Start the round, and make sure the first manager starts their timer. Encourage teams to work fast. Remind the second manager to start their timer when the coloured plane starts.
Check that teams are working in order as planes start to stack up between stations. Especially between stations 1 and 2 and stations 2 and 3. Also make sure the starting station keeps folding after the 10th sheet.
As soon as a team has completed 10 planes, ask their production line to stop. Now ask them to count how much work they have in progress i.e. incomplete planes. Also ask the managers what the total time was, and the cycle time for the coloured plane. Write these up on a flip chart or whiteboard for each team.
Once all teams are finished and you have written up their results, make sure you clear away all the in progress work. Teams will be starting again from scratch.
Explain that in round 2 you will be doing the same thing with only one change. If people want to improve the process or change roles, ask them not to because you want to illustrate the impact of the single change you will make.
The change is to limit work in progress. There will be a limit of 1 for each station. This means that Station 1 cannot start folding the second plane, until Station 2 has taken the plane from them. This applies to each station. There will be no queues building up between stations.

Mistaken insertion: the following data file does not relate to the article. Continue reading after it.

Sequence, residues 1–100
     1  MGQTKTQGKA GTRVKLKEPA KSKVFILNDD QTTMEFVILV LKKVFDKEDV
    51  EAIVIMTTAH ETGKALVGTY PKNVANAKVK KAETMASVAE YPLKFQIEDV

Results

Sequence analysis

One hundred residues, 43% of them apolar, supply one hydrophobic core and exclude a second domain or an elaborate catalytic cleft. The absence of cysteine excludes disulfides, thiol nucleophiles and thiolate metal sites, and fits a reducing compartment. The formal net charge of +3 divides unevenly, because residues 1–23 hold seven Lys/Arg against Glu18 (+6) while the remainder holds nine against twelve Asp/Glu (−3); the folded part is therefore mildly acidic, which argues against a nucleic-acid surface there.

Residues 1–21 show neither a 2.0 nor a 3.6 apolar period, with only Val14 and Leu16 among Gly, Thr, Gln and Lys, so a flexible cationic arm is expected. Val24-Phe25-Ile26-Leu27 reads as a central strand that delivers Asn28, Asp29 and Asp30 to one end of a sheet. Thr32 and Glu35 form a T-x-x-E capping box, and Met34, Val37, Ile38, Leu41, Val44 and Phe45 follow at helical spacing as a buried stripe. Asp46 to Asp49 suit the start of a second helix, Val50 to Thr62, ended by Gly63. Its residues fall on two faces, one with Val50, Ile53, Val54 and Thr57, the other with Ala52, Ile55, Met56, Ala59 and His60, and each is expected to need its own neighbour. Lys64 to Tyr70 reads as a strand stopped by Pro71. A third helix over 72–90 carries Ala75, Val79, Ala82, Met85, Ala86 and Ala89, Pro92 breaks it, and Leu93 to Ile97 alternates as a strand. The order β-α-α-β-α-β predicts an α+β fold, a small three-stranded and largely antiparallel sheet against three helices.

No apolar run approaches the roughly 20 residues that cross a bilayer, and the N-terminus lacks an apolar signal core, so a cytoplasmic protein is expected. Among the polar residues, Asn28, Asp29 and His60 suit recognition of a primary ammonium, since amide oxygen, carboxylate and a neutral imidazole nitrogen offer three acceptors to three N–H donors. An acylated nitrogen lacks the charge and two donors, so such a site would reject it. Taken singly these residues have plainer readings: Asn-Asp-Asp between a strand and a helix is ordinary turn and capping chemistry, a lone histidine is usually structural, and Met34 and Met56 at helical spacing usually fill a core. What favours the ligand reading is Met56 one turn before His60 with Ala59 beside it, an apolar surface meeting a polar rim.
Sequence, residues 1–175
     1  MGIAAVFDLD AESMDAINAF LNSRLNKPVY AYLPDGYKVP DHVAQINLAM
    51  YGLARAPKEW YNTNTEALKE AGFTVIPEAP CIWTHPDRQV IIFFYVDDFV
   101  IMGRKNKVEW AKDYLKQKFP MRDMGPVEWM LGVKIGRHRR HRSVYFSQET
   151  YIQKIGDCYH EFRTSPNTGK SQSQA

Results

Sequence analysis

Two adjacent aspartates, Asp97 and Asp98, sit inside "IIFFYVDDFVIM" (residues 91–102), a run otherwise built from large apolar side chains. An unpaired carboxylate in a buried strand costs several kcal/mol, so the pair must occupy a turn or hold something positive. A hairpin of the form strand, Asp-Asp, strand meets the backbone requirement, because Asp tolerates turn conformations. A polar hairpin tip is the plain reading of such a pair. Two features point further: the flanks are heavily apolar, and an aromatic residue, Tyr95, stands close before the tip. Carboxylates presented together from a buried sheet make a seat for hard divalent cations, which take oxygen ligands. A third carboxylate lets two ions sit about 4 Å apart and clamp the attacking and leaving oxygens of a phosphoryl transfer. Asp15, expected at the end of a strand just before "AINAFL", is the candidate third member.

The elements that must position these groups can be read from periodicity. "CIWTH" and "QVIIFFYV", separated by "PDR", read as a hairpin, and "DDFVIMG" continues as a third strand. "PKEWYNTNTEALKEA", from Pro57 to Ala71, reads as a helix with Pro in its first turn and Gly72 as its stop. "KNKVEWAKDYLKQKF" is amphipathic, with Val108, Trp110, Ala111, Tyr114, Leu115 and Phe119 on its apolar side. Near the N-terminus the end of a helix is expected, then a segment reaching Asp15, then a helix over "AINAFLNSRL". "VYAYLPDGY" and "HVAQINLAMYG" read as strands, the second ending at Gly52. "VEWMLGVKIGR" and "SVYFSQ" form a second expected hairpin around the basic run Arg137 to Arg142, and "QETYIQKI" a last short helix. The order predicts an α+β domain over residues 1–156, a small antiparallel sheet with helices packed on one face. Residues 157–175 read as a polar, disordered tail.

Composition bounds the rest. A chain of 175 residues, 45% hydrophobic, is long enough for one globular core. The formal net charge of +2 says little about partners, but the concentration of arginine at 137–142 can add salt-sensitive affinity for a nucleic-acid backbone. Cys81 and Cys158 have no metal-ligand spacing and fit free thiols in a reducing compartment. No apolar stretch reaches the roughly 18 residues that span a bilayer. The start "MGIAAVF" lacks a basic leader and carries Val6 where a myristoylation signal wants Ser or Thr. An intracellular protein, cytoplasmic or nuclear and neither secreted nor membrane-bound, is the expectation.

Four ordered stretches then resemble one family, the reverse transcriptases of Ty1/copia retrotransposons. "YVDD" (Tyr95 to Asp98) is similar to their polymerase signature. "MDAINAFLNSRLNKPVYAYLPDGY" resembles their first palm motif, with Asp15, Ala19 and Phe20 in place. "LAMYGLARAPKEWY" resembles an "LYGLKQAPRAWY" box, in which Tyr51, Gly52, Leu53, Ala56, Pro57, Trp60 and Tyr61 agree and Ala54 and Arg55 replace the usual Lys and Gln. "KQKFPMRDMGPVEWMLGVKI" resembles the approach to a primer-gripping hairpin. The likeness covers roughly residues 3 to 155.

Again hand each team a stack of paper, making sure the 6th piece of paper is a different colour. This time each team should need no more than 15 sheets of paper.
Start the round, and check that people are following the limit. People might need to be reminded not to just fold quickly like they did in the first round. Focus on Station 1 for this, they will set the pace for the rest of the group.
Record the results as before: Work in progress, total time and cycle time.
Display the results of the two rounds to the teams and ask them what they notice. Usually the cycle time and total time are much better in round 2. Also the work in progress should only be about 2 or 3 in the second round. This is sometimes a big surprise for teams, and the reason we love this game. It illustrates beautifully how limiting work in progress massively reduces cycle time. Ask people what the implications of this would be for their work.
You can also ask people how they felt in each round, especially Station 3 which is the bottleneck, and how hard they worked in each round compared to the results they achieved. Another great question is asking which round most closely resembles their current work environment.
How we’ve used this
We play this regularly with teams who struggle to say no, are doing too many things at once and finishing none of them. This is a great game to help teams and managers realise that being busy doesn’t help the bottom line. We often talk about the importance of slack after this game, and how it is beneficial. Warning: Not everyone is ready to hear that 🙂
Who shared this with us
There are many different versions around on the internet, apparently the original authors are: Teresa Abney, Adam Nathan, Don Knobbe, Lisa Picker – Thank you!